12-Year-Old Girl, Beats Einstein and Stephen Hawking to get Top Score in IQ Test

12-Year-Old Girl, Beats Einstein and Stephen Hawking to get Top Score in IQ Test

British schoolgirl Lydia Sebastian joined the 1 per cent of those who have sat the exam who have obtained the highest mark of 162, putting her in the top 99.9th percentile of the population.


Lydia, from Essex, described the fiendishly difficult intelligence test as “easy”, according to Cascade news agency. She completed the 150-question Cattell III B paper, which primarily measures verbal reasoning ability, during her school holidays.

“At first, I was really nervous but once I started, it was much easier than I expected it to be and then I relaxed,” she said. “I gave it my best shot.”

Her father, Arun Sebastian, a radiologist at Colchester general hospital, said his daughter had spent an entire year talking about the test and had researched IQ test websites herself. “When I heard she had the maximum possible mark, I was overwhelmed, and so was my wife,” he said.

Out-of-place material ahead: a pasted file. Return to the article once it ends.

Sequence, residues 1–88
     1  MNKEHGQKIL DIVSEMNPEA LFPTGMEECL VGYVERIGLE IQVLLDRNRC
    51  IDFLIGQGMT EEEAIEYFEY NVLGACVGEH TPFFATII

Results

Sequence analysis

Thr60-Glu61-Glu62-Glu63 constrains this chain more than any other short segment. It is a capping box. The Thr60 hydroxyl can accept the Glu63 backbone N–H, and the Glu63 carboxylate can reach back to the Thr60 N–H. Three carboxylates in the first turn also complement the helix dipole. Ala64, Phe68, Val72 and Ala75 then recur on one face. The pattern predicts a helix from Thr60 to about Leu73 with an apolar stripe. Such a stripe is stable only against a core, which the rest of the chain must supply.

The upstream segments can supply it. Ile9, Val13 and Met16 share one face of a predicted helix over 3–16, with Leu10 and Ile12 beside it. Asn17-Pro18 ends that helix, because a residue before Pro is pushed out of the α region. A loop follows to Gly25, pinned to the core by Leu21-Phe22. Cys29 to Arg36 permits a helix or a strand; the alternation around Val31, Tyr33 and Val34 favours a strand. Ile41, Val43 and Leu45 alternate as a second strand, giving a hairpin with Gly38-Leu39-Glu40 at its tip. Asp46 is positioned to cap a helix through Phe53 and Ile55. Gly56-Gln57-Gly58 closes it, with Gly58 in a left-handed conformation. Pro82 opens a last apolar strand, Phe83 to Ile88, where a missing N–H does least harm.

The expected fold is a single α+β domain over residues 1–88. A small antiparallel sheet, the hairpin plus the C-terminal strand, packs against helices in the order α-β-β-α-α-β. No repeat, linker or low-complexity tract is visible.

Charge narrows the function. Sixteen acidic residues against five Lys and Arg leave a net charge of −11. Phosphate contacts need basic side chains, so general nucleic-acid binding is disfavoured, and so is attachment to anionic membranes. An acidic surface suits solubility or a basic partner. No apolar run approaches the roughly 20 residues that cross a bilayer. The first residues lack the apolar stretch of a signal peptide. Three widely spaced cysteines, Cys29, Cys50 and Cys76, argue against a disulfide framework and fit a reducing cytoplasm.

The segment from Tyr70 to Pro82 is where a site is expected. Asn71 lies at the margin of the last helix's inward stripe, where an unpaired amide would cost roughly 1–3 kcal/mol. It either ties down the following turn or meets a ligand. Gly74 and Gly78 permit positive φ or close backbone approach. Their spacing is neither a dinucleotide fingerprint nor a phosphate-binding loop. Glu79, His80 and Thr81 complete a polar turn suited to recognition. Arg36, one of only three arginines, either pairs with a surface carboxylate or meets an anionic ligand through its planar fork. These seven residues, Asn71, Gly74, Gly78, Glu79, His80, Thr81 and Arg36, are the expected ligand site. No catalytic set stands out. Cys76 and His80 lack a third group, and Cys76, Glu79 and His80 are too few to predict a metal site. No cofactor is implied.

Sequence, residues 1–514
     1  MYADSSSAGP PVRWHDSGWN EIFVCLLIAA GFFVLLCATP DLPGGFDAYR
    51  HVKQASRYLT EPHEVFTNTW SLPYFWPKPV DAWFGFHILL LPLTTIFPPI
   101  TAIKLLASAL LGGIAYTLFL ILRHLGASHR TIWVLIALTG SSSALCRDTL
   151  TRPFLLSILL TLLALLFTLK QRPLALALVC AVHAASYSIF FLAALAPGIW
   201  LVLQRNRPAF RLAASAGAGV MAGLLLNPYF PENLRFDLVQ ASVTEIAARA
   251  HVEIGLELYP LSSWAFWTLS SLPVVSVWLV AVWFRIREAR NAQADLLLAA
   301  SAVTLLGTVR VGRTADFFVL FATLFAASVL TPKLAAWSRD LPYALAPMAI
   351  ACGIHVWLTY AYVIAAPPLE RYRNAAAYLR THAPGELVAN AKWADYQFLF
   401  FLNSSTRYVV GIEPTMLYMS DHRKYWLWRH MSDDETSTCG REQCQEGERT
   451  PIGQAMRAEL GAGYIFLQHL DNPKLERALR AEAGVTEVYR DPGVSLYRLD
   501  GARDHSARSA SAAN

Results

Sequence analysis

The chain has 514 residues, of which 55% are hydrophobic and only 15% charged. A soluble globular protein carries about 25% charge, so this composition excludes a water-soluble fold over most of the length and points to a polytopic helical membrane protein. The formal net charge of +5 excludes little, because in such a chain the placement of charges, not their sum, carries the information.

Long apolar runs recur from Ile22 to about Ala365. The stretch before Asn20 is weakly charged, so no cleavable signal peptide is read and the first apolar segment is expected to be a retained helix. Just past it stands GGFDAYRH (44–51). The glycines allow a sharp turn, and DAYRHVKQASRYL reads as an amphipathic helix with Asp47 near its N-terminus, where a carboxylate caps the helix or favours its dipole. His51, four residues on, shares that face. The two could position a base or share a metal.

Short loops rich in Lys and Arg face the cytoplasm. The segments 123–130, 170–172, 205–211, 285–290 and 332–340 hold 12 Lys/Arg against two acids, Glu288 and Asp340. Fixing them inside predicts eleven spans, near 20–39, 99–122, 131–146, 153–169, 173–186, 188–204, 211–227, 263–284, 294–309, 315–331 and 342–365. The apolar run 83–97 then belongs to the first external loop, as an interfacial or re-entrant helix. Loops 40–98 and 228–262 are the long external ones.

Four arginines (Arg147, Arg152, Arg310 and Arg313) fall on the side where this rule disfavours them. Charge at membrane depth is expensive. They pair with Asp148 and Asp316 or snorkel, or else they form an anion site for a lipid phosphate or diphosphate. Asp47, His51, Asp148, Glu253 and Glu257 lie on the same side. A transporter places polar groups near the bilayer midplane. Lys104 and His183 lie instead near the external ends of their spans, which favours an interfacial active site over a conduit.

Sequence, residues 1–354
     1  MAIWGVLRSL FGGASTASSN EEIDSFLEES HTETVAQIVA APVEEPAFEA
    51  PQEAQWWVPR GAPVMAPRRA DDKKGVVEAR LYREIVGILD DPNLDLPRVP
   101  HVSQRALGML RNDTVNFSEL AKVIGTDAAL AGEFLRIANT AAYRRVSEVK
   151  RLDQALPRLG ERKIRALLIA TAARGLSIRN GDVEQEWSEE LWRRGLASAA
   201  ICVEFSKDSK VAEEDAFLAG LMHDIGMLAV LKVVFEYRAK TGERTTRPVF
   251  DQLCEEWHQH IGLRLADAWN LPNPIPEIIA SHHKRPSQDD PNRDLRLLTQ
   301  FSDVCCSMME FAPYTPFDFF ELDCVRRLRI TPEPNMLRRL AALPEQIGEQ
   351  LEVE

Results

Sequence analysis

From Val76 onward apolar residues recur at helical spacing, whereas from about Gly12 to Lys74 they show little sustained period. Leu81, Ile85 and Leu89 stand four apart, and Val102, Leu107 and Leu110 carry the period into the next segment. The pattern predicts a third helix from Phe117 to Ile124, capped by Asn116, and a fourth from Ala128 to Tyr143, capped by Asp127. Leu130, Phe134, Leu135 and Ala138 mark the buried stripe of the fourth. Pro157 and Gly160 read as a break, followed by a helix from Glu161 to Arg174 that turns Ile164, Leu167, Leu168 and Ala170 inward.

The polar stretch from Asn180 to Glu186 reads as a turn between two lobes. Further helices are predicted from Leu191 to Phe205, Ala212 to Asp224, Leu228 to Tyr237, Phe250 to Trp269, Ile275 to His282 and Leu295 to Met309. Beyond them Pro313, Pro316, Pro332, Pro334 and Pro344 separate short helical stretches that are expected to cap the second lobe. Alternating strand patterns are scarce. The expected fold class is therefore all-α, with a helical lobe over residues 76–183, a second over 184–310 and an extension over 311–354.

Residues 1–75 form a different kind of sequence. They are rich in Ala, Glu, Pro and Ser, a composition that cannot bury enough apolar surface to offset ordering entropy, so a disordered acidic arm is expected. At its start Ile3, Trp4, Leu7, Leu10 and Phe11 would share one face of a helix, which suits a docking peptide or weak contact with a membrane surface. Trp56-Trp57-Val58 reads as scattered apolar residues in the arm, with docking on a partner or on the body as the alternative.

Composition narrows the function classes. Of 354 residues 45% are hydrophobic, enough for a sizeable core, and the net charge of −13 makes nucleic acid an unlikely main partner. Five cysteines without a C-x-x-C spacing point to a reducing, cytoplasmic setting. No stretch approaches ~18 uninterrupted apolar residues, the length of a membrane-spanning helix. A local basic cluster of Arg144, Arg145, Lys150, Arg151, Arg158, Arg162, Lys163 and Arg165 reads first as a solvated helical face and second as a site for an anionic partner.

Lydia, who is about to start year eight at Colchester County High school for girls, has read all seven Harry Potter books three times and played the violin since aged four.

An only child to Mr Sebastian and Erika Kottiath, an associate director at Barclays Bank, she started talking at just six months.

12-Year-Old Girl, Beats Einstein and Stephen Hawking to get Top Score in IQ Test

“At the time, I was a trainee doctor and my wife was studying chemistry and I was away at the weekends,” said her 43-year-old father. “She used to say a few words to me on the phone.

“She also had an early interest in reading. When she was a few years old she was reading books that were for children several years older than her.

“We really have done nothing special with her.”

Lydia, whose favourite subjects include maths and physics, is now applying to join the Mensa society. Her parents, both originally from Kerala in southern India, say she voluntarily does homework until 8.30pm or 9pm.

“We’ve got a fairly laid-back view [about education],” added Mr Sebastian. “If a child is pushed to do something that’s not designed for their age then, personally, I’d feel they they’d be missing out on other things.”

 

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